Gold Plating Solution was water clear, now very darkMarch 21, 2019
Q. Hello All,
I have inherited a Au plating process from another company whom my employer bought out several years ago. The Au plating baths start out "water white" and tend to turn very dark over time. I am currently at 25k amp min and both baths have the appearance of coffee. Luckily, this does not effect the plating rate or quality of the deposit. I am wondering if anyone else has had a similar experience and what they have done to prevent the bath from turning dark or at least control it?
I have had some success with activated carbon (10" pre-packed filters). This is a wafer plating process using mostly AZ4620 positive resist and occasionally S1818 negative resist as well as Dry Film. See below for operating conditions. I am certain this is organic contamination from the resist but I have used this same resist in a different Au plating chemistry with similar conditions and the bath always stays clear. Thanks in advance for any feedback provided.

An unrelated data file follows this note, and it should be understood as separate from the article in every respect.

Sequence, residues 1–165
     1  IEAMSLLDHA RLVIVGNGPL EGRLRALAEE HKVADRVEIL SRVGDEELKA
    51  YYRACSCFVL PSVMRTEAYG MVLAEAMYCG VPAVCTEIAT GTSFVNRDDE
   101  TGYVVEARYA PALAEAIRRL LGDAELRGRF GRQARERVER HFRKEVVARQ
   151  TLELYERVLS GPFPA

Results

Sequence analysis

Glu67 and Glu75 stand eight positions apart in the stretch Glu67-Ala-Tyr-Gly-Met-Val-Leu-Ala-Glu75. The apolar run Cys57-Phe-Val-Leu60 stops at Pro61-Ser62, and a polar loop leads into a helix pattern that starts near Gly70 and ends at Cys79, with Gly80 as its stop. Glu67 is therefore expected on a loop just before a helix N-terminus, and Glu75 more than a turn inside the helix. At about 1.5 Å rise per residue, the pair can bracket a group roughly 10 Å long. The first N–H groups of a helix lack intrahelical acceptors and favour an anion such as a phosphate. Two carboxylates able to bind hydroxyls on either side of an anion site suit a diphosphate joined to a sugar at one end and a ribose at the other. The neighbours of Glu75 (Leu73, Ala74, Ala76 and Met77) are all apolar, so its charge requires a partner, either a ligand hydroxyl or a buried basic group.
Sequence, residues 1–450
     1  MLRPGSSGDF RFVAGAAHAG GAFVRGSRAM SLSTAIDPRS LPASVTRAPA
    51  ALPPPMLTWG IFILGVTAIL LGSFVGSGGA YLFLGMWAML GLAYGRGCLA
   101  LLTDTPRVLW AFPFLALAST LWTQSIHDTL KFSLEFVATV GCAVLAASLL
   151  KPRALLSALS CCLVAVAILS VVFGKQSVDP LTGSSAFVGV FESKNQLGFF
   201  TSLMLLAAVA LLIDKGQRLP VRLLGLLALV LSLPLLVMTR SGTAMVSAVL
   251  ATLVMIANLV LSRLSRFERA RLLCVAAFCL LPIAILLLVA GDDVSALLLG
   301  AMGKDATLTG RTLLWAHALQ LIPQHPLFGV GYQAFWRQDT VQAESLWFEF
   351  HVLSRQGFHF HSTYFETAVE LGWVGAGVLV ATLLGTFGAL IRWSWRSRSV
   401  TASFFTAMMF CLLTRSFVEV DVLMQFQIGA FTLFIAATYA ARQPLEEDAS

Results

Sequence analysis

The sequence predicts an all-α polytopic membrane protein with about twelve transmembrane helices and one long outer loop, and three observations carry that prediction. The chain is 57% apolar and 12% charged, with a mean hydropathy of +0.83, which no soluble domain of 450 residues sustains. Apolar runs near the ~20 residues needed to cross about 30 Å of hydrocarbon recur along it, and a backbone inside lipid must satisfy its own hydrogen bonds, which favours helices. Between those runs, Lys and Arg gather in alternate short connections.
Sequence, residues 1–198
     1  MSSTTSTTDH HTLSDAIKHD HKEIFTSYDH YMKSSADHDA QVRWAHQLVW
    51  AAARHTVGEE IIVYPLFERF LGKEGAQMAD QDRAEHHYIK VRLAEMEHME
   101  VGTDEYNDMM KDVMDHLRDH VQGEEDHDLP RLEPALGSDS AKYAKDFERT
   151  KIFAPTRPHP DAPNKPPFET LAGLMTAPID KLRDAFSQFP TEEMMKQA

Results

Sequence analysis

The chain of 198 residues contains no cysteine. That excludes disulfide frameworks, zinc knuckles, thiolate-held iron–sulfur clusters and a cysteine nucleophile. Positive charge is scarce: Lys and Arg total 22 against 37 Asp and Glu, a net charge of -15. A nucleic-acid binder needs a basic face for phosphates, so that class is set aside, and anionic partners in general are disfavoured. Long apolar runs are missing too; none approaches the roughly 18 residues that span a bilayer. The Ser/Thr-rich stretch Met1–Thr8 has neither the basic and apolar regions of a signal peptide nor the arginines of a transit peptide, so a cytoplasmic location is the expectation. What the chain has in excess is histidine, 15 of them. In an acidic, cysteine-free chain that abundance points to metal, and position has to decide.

Temp: 145 °F
Au: 1 Troy oz/gal
- Myrtle Beach, South Carolina USA
March 22, 2019
A. Hi Chris
If you are using a commercial bath then ask your supplier.
If it is a home brew you are on your own !
If you suspect resist contamination, you should be looking at process control on the resist process not the gold.
You should be aware that carbon treating a gold bath removes a significant quantity of gold. Don't throw the carbon away. Return it to your supplier for credit to your gold account.
A personal comment; Working in °F and Troy ounces is archaic.
The US signed up to the metric system decades ago but it is rarely implemented and using mixed units has led to many problems.
True, Geoff, different industries switch from ounces to pounds, or inches to feet at different scales too. As an engineer building plating equipment, our shops always wanted measurement in inches up to 6 feet, and in feet and inches above that. Can't tell you how many times things were supplied at 60 something inches long instead of 6 foot some inches, and vice-versa.
Pine Beach, New Jersey
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